All HTML and Markdown tags get stripped from the headings while adding it inside the TOC block. See the following example of how the TOC renders when you add bold and italics to a heading.

Tags for TOC

Consistency is maintained in the formatting of the TOC.


The tag [[_TOC_]] is case-sensitive. For example, [[_toc_]] may not render the TOC. Also, only the first instance of [[_TOC_]] is rendered and the rest are ignored.

Add a subpages table

Add a table of content for subpages (TOSP) to your wiki pages. This table has links to all subpages located under the page where the table of subpages is shown.

You can add the table of subpages either by inserting the special tag [[_TOSP_]] manually or by selecting from the More options menu. Only the first [[_TOSP_]] tag is used to create the table of subpages.

Screenshot showing markdown for child pages of Page 1.

Add a collapsible section

To add a collapsible section in a wiki page, use the following syntax:

# A collapsible section with markdown
  <summary>Click to expand!</summary>

  ## Heading
  1. A numbered
  2. list
     * With some
     * Sub bullets

Screenshot showing markdown on one side and how the collapsible section renders on the other.

Make sure to add an empty line in the following areas:

  • after the closing </summary> tag, otherwise the markdown/code blocks don't show correctly
  • after the closing </details> tag if you have multiple collapsible sections

Embed videos in a wiki page

To embed videos from YouTube and Microsoft Streams in a wiki page, use the following syntax:

::: video
<iframe width="640" height="360" src="" allowfullscreen style="border:none"><iframe>

The iframe corresponds to the embedding iframe block of either a YouTube or Microsoft Streams video.

The ending ":::" is required to prevent a break in the page.

Embed Azure Boards query results in wiki

To embed Azure Boards query results in a wiki page as a table, use the following syntax:

::: query-table <queryid>

For example:

::: query-table 6ff7777e-8ca5-4f04-a7f6-9e63737dddf7 :::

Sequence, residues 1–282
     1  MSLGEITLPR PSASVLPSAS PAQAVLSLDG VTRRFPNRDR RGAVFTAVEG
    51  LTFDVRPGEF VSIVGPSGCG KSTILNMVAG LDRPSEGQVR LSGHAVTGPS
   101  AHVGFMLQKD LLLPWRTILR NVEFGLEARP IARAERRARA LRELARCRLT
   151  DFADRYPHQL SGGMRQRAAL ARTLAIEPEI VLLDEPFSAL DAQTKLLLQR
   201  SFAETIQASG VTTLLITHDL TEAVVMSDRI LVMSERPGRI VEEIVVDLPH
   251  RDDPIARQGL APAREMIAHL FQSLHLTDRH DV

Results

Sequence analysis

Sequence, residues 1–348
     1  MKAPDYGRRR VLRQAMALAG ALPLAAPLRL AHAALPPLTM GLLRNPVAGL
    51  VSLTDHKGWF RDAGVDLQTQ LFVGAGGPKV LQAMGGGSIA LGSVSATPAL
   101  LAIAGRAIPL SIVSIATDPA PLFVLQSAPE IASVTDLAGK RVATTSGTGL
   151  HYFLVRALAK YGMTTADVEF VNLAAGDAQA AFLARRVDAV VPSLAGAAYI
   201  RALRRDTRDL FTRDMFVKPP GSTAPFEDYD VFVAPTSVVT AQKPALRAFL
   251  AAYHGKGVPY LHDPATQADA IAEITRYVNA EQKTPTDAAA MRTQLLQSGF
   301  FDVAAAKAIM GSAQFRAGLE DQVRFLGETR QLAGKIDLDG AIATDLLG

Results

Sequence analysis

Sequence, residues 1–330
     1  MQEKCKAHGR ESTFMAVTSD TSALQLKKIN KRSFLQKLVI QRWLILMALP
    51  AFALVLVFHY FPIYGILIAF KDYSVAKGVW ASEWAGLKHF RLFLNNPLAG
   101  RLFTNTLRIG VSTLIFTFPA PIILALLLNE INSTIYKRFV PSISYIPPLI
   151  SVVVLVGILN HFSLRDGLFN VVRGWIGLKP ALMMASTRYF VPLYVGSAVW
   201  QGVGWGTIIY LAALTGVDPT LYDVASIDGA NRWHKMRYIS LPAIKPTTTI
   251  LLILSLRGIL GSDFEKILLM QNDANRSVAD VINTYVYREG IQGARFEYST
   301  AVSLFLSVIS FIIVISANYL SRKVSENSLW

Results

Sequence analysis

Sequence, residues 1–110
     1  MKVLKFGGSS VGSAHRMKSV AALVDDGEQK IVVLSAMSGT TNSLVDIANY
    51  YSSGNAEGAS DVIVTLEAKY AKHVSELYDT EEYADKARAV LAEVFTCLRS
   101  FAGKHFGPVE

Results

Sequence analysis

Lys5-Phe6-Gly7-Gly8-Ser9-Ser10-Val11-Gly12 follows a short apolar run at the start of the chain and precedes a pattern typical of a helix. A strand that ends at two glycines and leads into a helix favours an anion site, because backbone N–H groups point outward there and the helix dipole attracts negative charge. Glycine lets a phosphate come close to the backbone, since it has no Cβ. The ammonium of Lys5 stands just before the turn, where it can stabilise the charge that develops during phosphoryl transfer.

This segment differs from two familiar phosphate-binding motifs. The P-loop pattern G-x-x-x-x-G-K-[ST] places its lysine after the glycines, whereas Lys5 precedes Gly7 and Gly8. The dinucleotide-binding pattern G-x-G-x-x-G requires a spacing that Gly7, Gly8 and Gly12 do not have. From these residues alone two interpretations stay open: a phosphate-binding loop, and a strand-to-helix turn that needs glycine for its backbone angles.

You can also use the toolbar and the query selector to embed the query results in a wiki page.

Screenshot of selected Query Results icon.

For more information about how to copy the query URL, which provides a GUID for the query, see Email query items or share query URL.

@mention users and groups

To @mention users or groups in wiki, key in "@" in the wiki editor. This @mention opens autosuggest from which you can mention users or groups to get notified by email.

Screenshot of at Mention Autosuggest.

You can also select @mention from the edit toolbar.

Screenshot of at Mention from edit toolbar.

When you edit pages directly in code, use the following pattern, @<{identity-guid}>.

View page visits for wiki pages

Automatically, you see an aggregated count of page visits for the last 30 days on every page. We define a page visit as a page view by a given user in a 15-minute interval.

Use the batch API pagesBatch to see the daily quantity of visits to all pages in a paginated way. They aren't sorted by number of visits, however. For data over 30 days old, you can get all page visits using the rest API. Sort these pages based on the number of visits to get the top 100. You can store these visits in a dashboard or database.

Screenshot of Wiki page visits.

Enter the pound sign (#), and then enter a work item ID.

Use HTML tags in wiki pages

In wiki pages, you can also create rich content using HTML tags.


You can nest Markdown within your HTML, but you must include a blank line between the HTML element and the markdown.

 [A Markdown link]( 


Pasting rich content as HTML is supported in Azure DevOps Server 2019.1 and later versions.

Example - Embedded video

<video src="path of the video file" width=400 controls>
<video src="" width=400 controls>

Example - Rich text format

<p>This text needs to <del>strikethrough</del> <ins>since it is redundant</ins>!</p>
<p><tt>This text is teletype text.</tt></p>
<font color="blue">Colored text</font>
<center>This text is center-aligned.</center>
<p>This text contains <sup>superscript</sup> text.</p>
<p>This text contains <sub>subscript</sub> text.</p>
<p>The project status is <span style="color:green;font-weight:bold">GREEN</span> even though the bug count / developer may be in <span style="color:red;font-weight:bold">red.</span> - Capability of span
<p><small>Disclaimer: Wiki also supports showing small text</small></p>
<p><big>Bigger text</big></p>


Screenshot of Light theme wiki view.

Screenshot of Dark theme wiki view.